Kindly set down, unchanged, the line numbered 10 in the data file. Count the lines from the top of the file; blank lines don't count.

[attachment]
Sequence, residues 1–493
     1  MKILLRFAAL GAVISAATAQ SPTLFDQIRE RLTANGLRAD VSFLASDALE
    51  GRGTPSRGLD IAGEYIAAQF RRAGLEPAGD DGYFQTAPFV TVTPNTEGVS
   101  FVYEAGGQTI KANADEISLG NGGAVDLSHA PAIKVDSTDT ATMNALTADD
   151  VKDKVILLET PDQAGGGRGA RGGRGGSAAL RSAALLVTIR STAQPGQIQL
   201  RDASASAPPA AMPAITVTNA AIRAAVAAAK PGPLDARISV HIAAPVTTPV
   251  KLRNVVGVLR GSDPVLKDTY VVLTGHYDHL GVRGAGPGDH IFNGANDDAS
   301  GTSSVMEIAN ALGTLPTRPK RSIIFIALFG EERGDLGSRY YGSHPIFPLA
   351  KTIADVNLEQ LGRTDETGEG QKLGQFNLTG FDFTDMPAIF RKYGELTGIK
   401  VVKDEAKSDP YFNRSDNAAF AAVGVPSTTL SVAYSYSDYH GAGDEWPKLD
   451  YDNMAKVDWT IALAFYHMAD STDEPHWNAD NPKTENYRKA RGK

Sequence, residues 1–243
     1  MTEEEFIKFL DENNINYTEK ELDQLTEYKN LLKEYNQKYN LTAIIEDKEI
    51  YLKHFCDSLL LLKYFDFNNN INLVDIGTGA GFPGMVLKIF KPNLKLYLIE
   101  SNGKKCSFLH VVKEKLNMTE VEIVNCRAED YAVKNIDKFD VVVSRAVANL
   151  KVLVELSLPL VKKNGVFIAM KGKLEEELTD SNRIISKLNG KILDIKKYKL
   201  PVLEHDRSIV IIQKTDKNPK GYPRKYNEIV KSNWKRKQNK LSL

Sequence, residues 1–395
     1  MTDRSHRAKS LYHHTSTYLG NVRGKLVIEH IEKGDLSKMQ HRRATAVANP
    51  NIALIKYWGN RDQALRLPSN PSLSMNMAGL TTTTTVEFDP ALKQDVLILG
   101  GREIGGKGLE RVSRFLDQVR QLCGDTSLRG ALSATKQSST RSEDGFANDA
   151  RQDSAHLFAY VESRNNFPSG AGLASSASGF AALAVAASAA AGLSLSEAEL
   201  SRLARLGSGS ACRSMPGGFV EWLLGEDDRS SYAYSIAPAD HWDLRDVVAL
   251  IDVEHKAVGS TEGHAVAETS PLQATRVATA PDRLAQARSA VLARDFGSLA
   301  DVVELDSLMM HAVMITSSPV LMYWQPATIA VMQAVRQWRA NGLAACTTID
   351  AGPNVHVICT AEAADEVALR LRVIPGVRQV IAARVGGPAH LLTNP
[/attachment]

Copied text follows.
   401  VVKDEAKSDP YFNRSDNAAF AAVGVPSTTL SVAYSYSDYH GAGDEWPKLD